Before the 1880s there was no standard time. It wasn’t until World War I that a time standard was enacted into law. Time was local. The clock on the town square, the church bell, or the clock on the barbershop or general store was the benchmark of the day. This created an obvious problem for trains, which must run on a predictable schedule. So the railroads created their own time standards. The problem was each of the railroads in the United States and Canada had their own standard. In February, 1879, Canadian Sanford Fleming, proposed a worldwide time standard at a meeting of the Royal Canadian Institute. In October, 1883, The General Time Convention, (later renamed the American Railway Association) agreed to four standard time zones that all of the railways in the United States and Canada would follow. The Intercolonial Railway serving Nova Scotia and New Brunswick decided not to follow these zones and created their own fifth zone called Eastern Time. Major American observatories, including the Allegheny Observatory, the United States Naval Observatory the Harvard College Observatory and the Yale University Observatory, agreed to provide telegraphic time signals at noon Eastern Time.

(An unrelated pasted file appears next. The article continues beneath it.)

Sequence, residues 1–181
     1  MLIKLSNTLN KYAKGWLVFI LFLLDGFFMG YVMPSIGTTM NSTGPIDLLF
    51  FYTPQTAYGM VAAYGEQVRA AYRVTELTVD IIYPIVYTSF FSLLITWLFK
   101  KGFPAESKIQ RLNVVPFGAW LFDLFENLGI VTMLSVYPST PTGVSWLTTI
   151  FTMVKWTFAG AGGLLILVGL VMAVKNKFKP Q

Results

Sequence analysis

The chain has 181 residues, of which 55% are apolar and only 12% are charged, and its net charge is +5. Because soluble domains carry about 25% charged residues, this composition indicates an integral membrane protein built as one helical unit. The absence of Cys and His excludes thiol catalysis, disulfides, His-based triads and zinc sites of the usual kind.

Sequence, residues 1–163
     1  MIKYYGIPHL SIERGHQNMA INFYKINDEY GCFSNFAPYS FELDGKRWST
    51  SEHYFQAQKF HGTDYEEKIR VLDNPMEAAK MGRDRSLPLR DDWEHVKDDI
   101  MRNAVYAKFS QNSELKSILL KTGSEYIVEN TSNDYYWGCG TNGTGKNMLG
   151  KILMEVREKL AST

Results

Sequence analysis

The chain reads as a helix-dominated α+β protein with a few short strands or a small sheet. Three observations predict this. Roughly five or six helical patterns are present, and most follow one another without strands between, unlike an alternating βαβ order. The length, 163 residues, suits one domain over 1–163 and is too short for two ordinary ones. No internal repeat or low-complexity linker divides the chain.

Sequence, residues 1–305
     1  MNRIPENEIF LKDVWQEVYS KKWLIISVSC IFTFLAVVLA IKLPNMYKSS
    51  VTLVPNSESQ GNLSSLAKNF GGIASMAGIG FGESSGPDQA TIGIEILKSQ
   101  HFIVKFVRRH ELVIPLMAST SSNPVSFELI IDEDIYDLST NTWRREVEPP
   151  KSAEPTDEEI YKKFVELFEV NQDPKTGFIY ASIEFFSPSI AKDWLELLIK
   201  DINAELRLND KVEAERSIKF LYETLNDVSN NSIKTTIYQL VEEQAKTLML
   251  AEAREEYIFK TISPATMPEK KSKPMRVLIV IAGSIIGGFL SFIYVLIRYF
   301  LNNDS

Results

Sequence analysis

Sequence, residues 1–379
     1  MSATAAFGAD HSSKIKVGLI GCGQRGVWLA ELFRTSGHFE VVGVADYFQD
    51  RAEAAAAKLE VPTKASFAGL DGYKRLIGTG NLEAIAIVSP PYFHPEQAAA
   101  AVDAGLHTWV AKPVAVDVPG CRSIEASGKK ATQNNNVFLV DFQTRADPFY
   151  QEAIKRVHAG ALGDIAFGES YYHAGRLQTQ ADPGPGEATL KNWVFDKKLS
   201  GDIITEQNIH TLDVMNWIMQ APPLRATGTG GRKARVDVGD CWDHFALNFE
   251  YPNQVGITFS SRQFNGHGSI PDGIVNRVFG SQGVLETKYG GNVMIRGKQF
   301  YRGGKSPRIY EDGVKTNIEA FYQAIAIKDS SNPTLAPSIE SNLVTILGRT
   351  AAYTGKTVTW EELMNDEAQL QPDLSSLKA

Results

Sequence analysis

Daylight Saving Time was first proposed in 1895 by a New Zealander, George Hudson, but it was the Germans who first implemented it in April 1916. The rationale was that industrialized societies follow a standard time schedule all year long for work shifts, sporting events, and transportation, but agrarian societies get up with the sun and work as long as there is light. A compromise meant that changing the clocks forward in the Spring and back in the fall provided both a standard and a way of extending the day for all kinds of recreational, social and business activities.
There have been many adjustments to when Standard time and Daylight Saving Time starts and stops, and there are also many exceptions. Some states ignore Daylight Saving Time altogether. Saskatchewan is located geographically in Mountain Time, but adheres to Central time, effectively making it on Daylight Saving Time year round.
In the Spring, a lot of people grumble at losing an hour’s sleep and in the fall, it is often dark at 4.30-5.00pm, depending on where you live, but there is a redeeming feature. When darkness arrives earlier than we’re used to, it gives us a chance to let the light shine in a different way, through our table lamps, chandeliers, and interesting lighting fixtures that show their best when lit.